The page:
WASHINGTON -- The United States on Friday unveiled hotly contested proposals for higher regional autos content in the North American Free Trade Agreement, three sources said, casting further doubt on the chances of reaching a deal to modernize the pact.
Washington made its move a day after insisting that NAFTA contain a sunset clause that could mean the deal expires in five years.
Canada and Mexico, the two other members of the pact, strongly oppose both ideas. A Mexican source with direct knowledge of the talks called the auto content proposal "absurd."
Sources familiar with the talks say the mood is bad and question whether the negotiations can be wrapped up by the end of the year as planned.
President Donald Trump, who complains that NAFTA has been a disaster for the United States, is threatening to walk away from the deal unless major changes are made.
The U.S. side made its auto proposal during the fourth of seven planned rounds of talks on the treaty. Ensuring that autos need more regional content to qualify for NAFTA tariff-free access is one of the Trump administration's key demands.
Canada and Mexico say such a move would disrupt the highly integrated continental auto industry.
One of the sources said the United States wants to increase the North American content requirement for trucks, autos and large engines to 85 percent from 62.5 percent. Furthermore, Washington insists 50 percent of content must be U.S.-made.
Trump administration officials say current content rules are too lax and have allowed auto companies to bring in too many cheap parts from China and other low-wage Asian countries. They are also seeking to halt the migration of vehicle production and manufacturing jobs to Mexico from the United States.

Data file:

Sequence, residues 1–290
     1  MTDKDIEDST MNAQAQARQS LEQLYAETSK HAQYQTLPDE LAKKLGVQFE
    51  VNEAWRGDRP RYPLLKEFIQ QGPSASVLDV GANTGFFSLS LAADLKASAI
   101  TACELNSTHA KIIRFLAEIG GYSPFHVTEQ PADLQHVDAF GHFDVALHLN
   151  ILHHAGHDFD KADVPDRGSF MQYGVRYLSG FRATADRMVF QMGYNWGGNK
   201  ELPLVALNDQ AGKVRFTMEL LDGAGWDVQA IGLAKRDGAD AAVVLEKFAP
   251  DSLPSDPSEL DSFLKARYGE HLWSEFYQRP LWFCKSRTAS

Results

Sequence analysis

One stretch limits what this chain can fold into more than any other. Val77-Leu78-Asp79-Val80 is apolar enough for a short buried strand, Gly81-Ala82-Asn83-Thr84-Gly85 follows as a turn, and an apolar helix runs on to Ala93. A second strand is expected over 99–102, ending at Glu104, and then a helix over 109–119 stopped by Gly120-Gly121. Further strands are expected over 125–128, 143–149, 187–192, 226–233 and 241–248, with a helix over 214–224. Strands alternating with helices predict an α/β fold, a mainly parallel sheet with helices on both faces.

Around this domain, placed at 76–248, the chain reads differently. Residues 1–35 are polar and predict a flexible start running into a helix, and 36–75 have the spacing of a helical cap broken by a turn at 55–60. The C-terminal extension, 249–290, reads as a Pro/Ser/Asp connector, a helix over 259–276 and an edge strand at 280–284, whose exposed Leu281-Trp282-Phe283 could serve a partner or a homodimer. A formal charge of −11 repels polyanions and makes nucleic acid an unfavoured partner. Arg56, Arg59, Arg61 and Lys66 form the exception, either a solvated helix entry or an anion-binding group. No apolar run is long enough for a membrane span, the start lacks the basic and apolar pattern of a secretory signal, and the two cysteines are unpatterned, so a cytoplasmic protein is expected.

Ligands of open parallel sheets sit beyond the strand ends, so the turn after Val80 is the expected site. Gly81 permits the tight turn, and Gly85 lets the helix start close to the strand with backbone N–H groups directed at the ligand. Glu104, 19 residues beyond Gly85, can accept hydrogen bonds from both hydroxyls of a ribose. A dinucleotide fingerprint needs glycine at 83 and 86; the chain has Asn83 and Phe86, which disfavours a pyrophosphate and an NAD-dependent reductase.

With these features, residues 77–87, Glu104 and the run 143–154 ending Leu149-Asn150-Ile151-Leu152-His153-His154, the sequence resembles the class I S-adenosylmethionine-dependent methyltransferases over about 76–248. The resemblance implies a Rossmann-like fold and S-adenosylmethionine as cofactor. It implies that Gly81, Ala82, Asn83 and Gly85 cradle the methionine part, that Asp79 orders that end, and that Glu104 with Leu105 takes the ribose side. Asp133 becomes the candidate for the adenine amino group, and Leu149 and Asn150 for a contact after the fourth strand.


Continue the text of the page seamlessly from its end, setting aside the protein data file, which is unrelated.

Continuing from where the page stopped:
Auto industry groups say substantially increasing local content requirements would raise costs, hurt regional competitiveness and cause many companies to forego NAFTA's benefits and simply pay the 2.5 percent U.S. tariff for imported cars and many parts.
Trump has made no secret that he prefers bilateral trade deals, and skeptics wonder whether the U.S. demands are part of a strategy designed to ensure the current talks fail.
The U.S. Chamber of Commerce had listed the U.S. autos demands among a number of "poison pill" proposals that it said would torpedo the talks.
Canadian Prime Minister Justin Trudeau met Mexican President Enrique Pena Nieto on Thursday for talks, and later said Canada would not walk away from the table. Both men said they were committed to a "win-win-win" deal.
Canadian officials say it is too soon to write off the talks. U.S. Trade Representative Robert Lighthizer, Canadian Foreign Minister Chrystia Freeland and Mexican Economy Minister Ildefonso Guajardo are due to meet in Washington on Tuesday to take stock of the negotiations.
Other people briefed on the talks told Reuters that the U.S. autos proposal would require automakers to verify the use of North American steel, aluminum, copper and plastic resins in their vehicles.
A spokeswoman for Lighthizer declined to comment. Canadian and Mexican government officials were not immediately available for comment.
“The NAFTA's rule of origin for autos is already the highest in any trade agreement in the world but the administration reportedly would like to raise it to 85 percent,” U.S. Chamber of Commerce Senior Vice President for International Policy John Murphy said on Friday in a statement. “However, higher requirements for North American content would actually incentivize manufacturers to cease trading under the agreement and instead simply pay the low U.S. most-favored nation tariff (just 2.5 percent).”